Thalidomide-induced Teratogenesis: History and Mechanisms

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Nearly 60 years ago thalidomide was prescribed to treat morning sickness in pregnant women. What followed was the biggest man-made medical disaster ever where over 10000 children were born with a range of severe and debilitating malformations. Despite this, the drug is now used successfully to treat a range of
adult conditions including multiple myeloma and complications of leprosy. Tragically a new generation of thalidomide damaged children has been identified in Brazil. Yet, how thalidomide caused its devastating effects upon the forming embryo remains unclear. However, over the past few years huge strides in our understanding of the molecular mechanisms the drug uses has been elucidated. This review will look at the history of the drug, the range and type of damage the drug caused and outline the mechanisms of action the drug uses including recent molecular advances and new findings. Some of the remaining challenges facing thalidomide biologists are also discussed.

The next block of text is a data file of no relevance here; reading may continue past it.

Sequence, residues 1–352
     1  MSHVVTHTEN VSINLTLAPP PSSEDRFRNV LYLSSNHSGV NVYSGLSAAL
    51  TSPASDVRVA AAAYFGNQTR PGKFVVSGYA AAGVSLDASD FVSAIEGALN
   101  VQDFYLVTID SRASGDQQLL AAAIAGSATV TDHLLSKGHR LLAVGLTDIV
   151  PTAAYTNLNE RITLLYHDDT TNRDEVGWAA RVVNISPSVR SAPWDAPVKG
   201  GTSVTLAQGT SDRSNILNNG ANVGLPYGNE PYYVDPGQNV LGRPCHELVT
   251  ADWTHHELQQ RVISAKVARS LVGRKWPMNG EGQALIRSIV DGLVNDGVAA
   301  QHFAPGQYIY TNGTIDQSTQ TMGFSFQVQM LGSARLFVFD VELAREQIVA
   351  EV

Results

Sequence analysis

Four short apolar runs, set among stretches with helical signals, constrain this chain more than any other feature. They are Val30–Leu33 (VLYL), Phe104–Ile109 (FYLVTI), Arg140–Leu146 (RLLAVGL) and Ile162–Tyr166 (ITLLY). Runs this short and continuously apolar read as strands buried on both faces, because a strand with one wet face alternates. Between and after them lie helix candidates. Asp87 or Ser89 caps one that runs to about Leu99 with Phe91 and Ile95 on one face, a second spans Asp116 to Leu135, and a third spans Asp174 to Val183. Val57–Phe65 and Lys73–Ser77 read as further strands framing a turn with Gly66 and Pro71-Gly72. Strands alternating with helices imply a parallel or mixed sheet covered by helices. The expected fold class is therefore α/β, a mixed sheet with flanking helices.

Original languageEnglish
Pages (from-to)140-156
Number of pages17
JournalBirth Defects Research. Part C, Embryo Today: Reviews
Issue number2
Early online date4 Jun 2015
Publication statusPublished - Jun 2015


  • angiogenesis
  • reactive oxygen species
  • cell death
  • cereblon
  • actin cytoskeleton
  • limb development
  • Fgf8
  • Shh
  • phocomelia
  • vascular transition


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